Ariel Durant started as Will Durant’s student, became his wife and then his equal. A brilliant conversationalist and sharp debater, Ariel’s intellect blossomed under the guidance of the man whom she referred to as her "teacher, lover, mentor and friend," Will Durant.

To Will Durant, she was the embodiment of life itself; fun loving, controversial, unafraid to speak her mind (in fact, refusing to do otherwise) and a champion of women’s rights. Born Chaya, which means "life" (Ida in English) Kaufman on May 10, 1898 in Proskurov (now Khmelnitski) Russia to Jewish parents, Chaya immigrated with her mother, three sisters and older brother to the United States, landing in New York in November of 1901, Chaya would grow up on the streets and learn to fight and fend for herself at an early age.

At the age of 13 she discovered the Ferrer School, which specialized in libertarian education. Not long after she began attending, a young man by the name of Will Durant signed on to be a teacher in that institution. He immediately was attracted to the young student, who reminded him so much of a sprite that he nicknamed her "Puck." According to Ariel’s recollection:

Will for years called me Puck, from one of Shakespeare’s flighty fairies; but in his premature autobiography, Transition (1927), he rechristened me Ariel, from another fairy – forgetting that they were both male. This has become my legal name…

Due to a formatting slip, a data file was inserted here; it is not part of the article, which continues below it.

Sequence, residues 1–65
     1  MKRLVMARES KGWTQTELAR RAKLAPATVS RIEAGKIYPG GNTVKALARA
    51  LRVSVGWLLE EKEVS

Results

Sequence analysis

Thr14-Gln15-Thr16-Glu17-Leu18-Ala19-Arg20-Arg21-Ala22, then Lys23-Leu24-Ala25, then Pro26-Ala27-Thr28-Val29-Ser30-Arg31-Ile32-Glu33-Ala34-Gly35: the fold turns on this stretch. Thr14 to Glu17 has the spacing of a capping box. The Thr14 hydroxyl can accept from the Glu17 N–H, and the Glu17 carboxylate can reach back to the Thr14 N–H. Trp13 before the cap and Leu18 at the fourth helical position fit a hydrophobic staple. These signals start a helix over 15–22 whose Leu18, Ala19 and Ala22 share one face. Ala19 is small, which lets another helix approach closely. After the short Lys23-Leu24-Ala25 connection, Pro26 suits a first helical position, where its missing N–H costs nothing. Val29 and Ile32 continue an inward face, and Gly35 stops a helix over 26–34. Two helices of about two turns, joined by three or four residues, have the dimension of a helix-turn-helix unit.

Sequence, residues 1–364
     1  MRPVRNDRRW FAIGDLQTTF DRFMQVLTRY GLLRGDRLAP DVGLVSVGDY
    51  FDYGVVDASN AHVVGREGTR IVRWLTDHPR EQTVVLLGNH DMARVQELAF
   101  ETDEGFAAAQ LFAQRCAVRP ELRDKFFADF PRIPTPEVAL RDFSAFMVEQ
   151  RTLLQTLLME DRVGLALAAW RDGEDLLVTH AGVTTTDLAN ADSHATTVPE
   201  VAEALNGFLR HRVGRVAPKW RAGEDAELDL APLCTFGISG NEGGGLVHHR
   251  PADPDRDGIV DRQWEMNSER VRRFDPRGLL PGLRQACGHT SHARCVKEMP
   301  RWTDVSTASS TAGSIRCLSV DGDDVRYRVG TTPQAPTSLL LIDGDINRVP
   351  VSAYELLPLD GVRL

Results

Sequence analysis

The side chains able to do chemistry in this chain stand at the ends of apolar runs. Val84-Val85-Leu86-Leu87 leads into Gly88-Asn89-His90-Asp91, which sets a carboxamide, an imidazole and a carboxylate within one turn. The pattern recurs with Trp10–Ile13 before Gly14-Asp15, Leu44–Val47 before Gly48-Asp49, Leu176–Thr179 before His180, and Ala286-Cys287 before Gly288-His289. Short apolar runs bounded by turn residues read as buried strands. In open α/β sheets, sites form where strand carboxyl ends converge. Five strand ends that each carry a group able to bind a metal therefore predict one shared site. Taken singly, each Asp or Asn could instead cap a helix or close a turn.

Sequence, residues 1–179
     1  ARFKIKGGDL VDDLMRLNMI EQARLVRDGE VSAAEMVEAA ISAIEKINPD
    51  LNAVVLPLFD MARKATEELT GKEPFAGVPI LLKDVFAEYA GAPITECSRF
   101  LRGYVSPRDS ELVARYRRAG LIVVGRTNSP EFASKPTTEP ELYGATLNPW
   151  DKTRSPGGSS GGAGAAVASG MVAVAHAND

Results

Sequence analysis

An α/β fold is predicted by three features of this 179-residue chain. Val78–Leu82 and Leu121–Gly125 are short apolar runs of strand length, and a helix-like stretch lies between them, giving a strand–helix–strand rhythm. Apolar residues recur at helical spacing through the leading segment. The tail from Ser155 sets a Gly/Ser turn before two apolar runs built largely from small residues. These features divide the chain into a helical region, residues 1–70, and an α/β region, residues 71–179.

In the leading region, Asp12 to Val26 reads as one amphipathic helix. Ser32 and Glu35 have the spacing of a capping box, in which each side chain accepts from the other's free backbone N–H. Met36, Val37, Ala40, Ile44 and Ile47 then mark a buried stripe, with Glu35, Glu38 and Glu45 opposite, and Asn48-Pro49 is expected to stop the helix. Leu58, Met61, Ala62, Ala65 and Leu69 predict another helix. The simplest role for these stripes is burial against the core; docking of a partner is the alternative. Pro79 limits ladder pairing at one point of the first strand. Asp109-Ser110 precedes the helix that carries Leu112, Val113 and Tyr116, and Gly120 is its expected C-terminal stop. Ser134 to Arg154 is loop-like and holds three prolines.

By the time she reached the age of 15, teacher and student had fallen in love. Realizing the potential problems that would attend such a student-teacher relationship, Durant resigned his position and spoke to Chaya’s mother about marriage. Despite some initial misgivings, Mrs. Kaufman in time gave her consent to the union and accompanied Will Durant to City Hall to witness the marriage. Chaya herself almost missed the service, as she had opted to roller skate to the locale and, to everyone’s relief (and after one or two falls en route) Chaya arrived at City Hall – out of breath, but ready to start a new chapter in her life as a married woman.

The first years of marriage were not easy; Chaya (now Puck) was still a restless spirit and many was the night she spent looking at her young husband’s back as he prepared for his twice weekly lectures – their sole source of income at that point. During the day, she was left at their home alone as Will attended College and lectured on philosophy to bring in money. Puck ran away at least twice during these early years, but always called for Will to come and pick her up. She preferred the company of artists and poets to philosophers, but in spending time with Will she began to understand that philosophy need not be boring and inconsequential to real-world issues. Soon she caught the fever herself and began debating her husband on certain points (both at home and on the lecture platform) and began to hold her own in the company of such distinguished philosophers and friends as Bertrand Russell and George Santayana.

Durant’s affection increased ever more for his wife as he witnessed the blossoming of her intellect. He offered encouragement, support and, in time, grew to trust her judgment on key points. It was a perfect example of the Chinese symbol of yin-yang; the pair could not have been more different and yet they came to rely on their interdependence for their very existence.